China blamed for Goddess of Victory: Nikke censorship, despite being unavailable in China

Upcoming graphics content differs from a previously leaked beta, leading to claims that the game is being censored to appease Chinese regulators

China blamed for Goddess of Victory: Nikke censorship, despite being unavailable in China

Goddess of Victory: Nikke fans have turned to social media to complain about the censorship of in-game content, reports Gamebraves.

This latest round of complaints comes in the wake of a new banner, showcasing an upcoming costume for the character Rupee. This outfit differs slightly from the design datamined during a recent beta, thanks to the addition of a small skirt and a fishnet texture to the character’s sheer bodysuit.

This isn’t the first time that character designs have changed from leaks or beta content, as characters such as Yuni have undergone similar changes.

Fans have turned their ire on publisher Tencent, accusing the company of censoring the title and toning down the sexual content to appease Chinese regulators. Neither Tencent or developers Level Infinite and Shift Up have commented on the design changes.

Despite many fans citing China as a chief cause in the modification of the costume, it's worth noting that the game hasn’t been released in China. Although the game is available in Taiwan and Hong Kong, players in both territories need to utilise a different client to access it.

The power of sex appeal

Sexual content would appear to be an important factor in the success of Goddess of Victory: Nikke, with the app store page stating that the game is “an immersive sci-fi RPG shooter game, where you recruit and command various maidens to form a beautiful anime girl squad”. Many of the characters wear revealing costumes, seemingly designed to titillate the audience.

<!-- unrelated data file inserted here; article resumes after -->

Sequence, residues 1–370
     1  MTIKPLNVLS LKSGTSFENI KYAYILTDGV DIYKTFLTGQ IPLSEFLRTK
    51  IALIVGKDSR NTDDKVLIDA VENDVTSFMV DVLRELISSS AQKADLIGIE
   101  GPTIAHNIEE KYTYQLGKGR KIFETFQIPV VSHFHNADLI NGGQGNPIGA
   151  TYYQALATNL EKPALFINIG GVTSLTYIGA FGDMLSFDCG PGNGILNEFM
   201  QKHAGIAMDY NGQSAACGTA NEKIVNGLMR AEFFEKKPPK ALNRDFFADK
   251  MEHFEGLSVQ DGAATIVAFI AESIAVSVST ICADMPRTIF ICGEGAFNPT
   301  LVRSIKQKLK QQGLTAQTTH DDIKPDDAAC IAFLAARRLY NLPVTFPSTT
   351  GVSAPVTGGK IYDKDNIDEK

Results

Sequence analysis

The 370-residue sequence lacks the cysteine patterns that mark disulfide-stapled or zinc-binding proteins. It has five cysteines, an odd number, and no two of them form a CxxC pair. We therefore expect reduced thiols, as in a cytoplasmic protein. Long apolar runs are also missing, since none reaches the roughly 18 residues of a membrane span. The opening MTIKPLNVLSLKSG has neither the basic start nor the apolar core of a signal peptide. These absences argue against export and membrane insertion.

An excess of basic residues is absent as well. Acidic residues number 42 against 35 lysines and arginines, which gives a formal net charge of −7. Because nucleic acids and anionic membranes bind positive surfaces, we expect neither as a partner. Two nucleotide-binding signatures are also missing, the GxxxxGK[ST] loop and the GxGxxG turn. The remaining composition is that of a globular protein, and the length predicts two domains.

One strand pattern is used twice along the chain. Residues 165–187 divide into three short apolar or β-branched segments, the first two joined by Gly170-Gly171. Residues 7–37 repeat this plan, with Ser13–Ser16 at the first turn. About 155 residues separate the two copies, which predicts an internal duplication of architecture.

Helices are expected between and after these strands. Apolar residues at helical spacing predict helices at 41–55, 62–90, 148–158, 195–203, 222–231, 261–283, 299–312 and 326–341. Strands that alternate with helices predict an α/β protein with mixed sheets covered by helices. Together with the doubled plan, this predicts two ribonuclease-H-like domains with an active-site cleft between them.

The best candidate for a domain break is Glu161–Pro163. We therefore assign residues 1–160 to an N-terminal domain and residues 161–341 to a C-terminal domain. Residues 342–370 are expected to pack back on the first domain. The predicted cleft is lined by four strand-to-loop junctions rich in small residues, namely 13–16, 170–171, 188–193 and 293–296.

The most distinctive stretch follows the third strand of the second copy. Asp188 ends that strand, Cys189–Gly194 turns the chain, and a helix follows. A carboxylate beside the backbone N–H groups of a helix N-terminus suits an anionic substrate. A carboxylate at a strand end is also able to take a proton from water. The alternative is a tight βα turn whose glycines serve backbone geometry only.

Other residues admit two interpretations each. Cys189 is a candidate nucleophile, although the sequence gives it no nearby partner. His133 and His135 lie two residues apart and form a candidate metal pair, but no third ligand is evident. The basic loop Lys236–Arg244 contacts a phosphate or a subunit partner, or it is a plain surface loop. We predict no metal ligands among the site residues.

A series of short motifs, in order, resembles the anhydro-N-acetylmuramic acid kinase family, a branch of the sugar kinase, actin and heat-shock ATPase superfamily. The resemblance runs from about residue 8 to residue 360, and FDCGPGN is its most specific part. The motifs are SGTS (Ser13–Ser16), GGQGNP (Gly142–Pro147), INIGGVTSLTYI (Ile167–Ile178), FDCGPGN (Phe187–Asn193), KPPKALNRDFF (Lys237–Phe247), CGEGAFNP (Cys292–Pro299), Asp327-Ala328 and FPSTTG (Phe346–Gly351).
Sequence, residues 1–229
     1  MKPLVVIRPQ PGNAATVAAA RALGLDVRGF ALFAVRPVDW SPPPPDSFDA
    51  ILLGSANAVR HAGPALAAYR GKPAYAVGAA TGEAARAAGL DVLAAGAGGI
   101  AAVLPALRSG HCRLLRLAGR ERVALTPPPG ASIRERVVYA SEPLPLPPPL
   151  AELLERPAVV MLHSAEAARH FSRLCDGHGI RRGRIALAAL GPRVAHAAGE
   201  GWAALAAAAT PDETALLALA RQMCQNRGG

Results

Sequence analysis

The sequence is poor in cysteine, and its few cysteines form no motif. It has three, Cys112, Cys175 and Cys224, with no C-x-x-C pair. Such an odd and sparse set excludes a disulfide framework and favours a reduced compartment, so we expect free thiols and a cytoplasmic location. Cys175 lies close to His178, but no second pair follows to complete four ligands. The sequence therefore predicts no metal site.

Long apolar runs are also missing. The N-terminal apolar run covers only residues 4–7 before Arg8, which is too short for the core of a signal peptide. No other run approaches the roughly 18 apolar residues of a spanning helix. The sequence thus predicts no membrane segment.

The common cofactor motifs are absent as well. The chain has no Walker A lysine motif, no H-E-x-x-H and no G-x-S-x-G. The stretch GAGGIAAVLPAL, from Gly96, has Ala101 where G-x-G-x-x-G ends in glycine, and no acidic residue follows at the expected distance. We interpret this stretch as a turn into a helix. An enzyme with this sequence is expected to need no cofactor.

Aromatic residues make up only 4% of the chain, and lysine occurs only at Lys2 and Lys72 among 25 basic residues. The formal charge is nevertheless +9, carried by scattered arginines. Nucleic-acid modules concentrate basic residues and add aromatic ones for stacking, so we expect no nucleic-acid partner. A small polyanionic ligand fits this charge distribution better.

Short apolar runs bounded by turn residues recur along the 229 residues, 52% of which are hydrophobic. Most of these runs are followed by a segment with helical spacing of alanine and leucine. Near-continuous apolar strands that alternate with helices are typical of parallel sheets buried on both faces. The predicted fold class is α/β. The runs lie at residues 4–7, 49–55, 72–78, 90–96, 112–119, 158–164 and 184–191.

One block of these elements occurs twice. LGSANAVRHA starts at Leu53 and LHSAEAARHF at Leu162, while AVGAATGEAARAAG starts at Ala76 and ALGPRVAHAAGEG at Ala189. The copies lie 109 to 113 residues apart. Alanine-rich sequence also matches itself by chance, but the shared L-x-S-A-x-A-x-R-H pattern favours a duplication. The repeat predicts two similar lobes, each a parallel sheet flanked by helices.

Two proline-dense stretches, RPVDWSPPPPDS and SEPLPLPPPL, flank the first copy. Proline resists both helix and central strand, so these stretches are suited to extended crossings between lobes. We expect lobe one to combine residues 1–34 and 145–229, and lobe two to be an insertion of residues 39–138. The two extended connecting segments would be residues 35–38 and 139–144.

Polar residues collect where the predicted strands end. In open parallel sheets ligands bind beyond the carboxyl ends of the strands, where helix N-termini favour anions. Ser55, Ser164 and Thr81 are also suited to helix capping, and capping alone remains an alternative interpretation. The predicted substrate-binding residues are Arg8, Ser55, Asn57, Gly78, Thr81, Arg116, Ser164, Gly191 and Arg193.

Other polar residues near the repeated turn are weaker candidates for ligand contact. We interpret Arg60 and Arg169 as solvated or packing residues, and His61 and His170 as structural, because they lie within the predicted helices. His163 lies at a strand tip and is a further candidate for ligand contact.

Despite this, different countries have different regulations and laws regarding what can be portrayed on screen, with games being heavily edited in some territories in order to receive certification, whether that's by toning down violence or removing sexual content. As such, as minimal as these changes are, it seems that fans are concerned that Tencent is compromising the game’s artistic vision for the sake of greater earning potential.

The game has recetnly enjoyed huge success, achieving $70m revenue in first month of release.

Earlier this year, we listed Tencent as one of the top 50 mobile game makers of 2022.

Staff Writer

Lewis Rees is a journalist, author, and escape room enthusiast based in South Wales. He got his degree in Film and Video from the University of Glamorgan. He's been a gamer all his life.